Entec answers Mayday call
Their brief included the provision of the band's backline which was sourced from John Henry Enterprises, and specialist video which came via Bluman Associates. All necessary rigging was also supplied by Entec.
Entec's project manager Noreen O'Riordan worked closely with Mayday's LA-based production manager Jeffrey Soon to ensure that all their needs were met, and brought Simon Tutchener on-board as their overall production and site manager.
Tutchener started work on the gig about two weeks in advance. The challenges were all the usual ones of a large one-off - a pressurised time frame, the logistics of remote co-ordination .... and only one chance to get it right for a large production.
To meet all the deadlines for getting four trucks of kit into Wembley and having the stage handed over to the band for a 2 p.m. rehearsal, with a show that evening required a serious amount of pre-planning by all departments.
Jeffrey Soon comments, "Entec took all those extra little steps to ensure everything ran glitch-free on site." Adding that they also took the time to meet him and his team in their hotel at short notice, "We rarely get service like this these days" he observes!
The system requirements were kept relatively simple due to the compressed set up time.
The lighting was designed by Allen Wu from Taiwan. The rig was based on a combination of standard and chevron shaped trusses over the stage and six vertical truss towers across the back of the stage.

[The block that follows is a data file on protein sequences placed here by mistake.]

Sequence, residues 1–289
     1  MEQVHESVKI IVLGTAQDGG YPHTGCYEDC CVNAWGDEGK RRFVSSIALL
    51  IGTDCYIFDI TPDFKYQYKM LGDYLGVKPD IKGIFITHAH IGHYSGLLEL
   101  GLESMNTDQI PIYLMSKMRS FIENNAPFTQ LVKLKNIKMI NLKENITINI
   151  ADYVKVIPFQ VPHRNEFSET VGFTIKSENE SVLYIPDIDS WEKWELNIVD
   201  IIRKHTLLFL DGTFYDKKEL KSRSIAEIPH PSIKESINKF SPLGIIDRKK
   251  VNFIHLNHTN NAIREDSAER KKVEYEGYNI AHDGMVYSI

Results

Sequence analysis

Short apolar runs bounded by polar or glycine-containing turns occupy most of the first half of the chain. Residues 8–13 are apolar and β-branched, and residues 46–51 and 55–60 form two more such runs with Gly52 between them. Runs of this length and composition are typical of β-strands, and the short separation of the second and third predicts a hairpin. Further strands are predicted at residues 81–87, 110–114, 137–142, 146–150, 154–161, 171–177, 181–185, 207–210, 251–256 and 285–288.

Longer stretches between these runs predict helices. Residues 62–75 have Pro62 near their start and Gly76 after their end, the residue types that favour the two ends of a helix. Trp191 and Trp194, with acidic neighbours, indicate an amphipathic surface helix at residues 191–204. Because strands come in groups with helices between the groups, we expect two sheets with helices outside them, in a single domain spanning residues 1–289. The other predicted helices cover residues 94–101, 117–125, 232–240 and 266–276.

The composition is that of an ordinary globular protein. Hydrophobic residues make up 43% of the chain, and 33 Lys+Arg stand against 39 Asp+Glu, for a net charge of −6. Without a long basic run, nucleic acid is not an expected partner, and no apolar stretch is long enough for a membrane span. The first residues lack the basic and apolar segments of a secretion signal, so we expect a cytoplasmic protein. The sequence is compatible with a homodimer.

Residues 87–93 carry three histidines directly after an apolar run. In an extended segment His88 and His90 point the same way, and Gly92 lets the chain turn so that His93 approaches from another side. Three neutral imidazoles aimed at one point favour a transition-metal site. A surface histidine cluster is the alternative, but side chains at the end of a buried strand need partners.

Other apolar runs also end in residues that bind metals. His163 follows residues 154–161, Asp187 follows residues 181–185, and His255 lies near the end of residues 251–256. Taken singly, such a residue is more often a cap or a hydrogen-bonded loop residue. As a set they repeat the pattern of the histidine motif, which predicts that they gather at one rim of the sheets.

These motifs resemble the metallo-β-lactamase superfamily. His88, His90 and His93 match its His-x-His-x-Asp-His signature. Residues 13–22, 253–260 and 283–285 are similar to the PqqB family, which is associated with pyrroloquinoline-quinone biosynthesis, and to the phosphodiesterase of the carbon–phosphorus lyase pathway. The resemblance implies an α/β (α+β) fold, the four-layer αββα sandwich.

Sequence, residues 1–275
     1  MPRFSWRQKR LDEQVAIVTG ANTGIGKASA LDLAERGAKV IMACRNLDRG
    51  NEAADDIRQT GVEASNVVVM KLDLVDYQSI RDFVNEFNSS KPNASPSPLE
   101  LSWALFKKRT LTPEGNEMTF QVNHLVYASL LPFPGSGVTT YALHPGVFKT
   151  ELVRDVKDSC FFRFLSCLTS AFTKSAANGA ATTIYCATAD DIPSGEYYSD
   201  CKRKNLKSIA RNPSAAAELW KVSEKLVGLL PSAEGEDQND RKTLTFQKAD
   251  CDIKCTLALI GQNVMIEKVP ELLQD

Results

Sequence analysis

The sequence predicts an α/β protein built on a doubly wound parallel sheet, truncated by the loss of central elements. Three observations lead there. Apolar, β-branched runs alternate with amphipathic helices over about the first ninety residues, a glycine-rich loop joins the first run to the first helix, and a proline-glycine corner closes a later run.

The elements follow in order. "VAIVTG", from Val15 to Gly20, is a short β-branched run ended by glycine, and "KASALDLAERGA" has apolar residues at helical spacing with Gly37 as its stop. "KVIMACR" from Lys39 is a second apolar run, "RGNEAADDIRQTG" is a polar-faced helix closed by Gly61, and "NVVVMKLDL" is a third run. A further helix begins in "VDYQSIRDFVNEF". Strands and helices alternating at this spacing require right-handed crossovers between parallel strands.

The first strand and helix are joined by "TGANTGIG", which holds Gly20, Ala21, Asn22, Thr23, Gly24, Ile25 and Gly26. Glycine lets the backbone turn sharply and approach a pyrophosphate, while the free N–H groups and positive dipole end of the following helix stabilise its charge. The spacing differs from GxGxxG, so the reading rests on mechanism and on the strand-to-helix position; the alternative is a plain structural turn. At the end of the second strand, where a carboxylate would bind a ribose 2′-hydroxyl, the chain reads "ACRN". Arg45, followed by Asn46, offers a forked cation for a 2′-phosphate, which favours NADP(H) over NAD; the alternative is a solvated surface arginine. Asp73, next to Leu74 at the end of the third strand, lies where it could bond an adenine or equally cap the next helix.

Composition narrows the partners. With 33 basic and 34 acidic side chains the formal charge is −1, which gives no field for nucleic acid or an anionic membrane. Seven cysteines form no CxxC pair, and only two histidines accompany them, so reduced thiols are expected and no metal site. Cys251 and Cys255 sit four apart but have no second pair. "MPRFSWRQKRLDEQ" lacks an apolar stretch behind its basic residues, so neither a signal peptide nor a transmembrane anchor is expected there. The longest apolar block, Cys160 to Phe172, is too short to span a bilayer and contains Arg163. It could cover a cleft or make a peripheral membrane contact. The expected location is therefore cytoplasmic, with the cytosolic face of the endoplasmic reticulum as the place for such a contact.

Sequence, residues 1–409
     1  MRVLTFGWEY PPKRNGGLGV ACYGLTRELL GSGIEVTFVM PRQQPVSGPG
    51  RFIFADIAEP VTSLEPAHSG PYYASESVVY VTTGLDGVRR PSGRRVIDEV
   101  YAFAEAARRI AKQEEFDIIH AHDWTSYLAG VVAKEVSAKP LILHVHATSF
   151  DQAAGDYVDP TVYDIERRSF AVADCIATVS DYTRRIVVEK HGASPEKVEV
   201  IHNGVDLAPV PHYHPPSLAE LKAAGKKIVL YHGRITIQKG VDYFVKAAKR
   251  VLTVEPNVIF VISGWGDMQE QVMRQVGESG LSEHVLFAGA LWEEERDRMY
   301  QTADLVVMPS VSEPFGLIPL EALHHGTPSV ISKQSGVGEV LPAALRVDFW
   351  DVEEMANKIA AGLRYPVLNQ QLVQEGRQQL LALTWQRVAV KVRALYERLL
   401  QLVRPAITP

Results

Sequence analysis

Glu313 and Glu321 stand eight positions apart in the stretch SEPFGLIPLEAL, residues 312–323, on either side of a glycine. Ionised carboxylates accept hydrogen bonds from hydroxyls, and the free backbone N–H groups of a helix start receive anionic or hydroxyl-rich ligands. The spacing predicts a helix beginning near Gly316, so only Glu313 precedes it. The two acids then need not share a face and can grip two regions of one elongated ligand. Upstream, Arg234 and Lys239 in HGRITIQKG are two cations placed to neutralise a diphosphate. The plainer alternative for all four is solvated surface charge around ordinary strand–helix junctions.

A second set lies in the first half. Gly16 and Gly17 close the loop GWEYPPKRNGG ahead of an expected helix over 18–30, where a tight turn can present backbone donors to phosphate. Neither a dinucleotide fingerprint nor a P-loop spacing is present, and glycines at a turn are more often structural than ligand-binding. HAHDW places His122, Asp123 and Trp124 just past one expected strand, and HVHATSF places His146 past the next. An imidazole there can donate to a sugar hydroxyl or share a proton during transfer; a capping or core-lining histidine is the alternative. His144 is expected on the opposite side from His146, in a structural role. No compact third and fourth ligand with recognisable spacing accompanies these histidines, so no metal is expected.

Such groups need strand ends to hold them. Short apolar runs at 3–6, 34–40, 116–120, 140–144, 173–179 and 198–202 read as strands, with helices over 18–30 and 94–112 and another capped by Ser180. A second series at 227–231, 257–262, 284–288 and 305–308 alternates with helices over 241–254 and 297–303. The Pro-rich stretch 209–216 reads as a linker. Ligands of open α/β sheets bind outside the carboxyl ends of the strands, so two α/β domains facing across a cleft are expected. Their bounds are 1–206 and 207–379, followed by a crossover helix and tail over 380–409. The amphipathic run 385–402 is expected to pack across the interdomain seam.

The moving lights were 26 Vari*Lite 3000 Profiles and 22 Martin Professional MAC 700 Washes. They were joined by 24 i-Pix Satellites used for truss toning, Source Four profiles for key lighting and specials plus a mix of 4 and 8-lite Moles and a bunch of 3K strobes.
It wasn't a massive rig for the Arena, but Wu made it go a long way, creating many epic rock looks and bringing plenty of drama and glitz to the evening. He programmed and ran the show on a grandMA full size console, with a grandMA light supplied for backup. Ryan Brown was Entec's lighting crew chief.
For audio, Entec supplied a d&b system with Avid Profile 96 channel consoles for both FOH and monitors, engineered by Mr Soga from Japan (FOH) and Yang Chung on monitors.
The main flown PA hangs comprised 12 d&b J-8 and two J-12 cabinets a side with a hang of five J-SUBs per side and then side-hangs of seven Q-1s. Ground stacked each side were two Q-7s and a single Q-10 and three B-SUBS, all driven by d&b's proprietary D12 amps.
The monitors were 12 d&b M-4 wedges a C-7 sub for drum-fill and four channels of Sennheiser G2 as a backup to Mayday's own IEM system. There was a selection of Shure and Sennheiser mics, Radial DIs and a Telex BTR700 comms system.
Ed Hammond was Entec's audio crew chief, and worked with a crew of five.
The video elements were managed on site by Andy Joyes and consisted of a large upstage Lighthouse LED screen measuring 8.3m wide and 4.6m high, and two side projection screens for IMAG, fed by Barco machines. Four hi def cameras were deployed, one at FOH (with long lens), with two in the pit and a remote cam onstage.
Mayday integrated their own control system with elements supplied by Bluman Associates, all of which was run from FOH. Pod Bluman comments, "It was really excellent to work with Entec. Noreen and her team are highly organised and dedicated to providing the very best possible service, so our companies fit well together."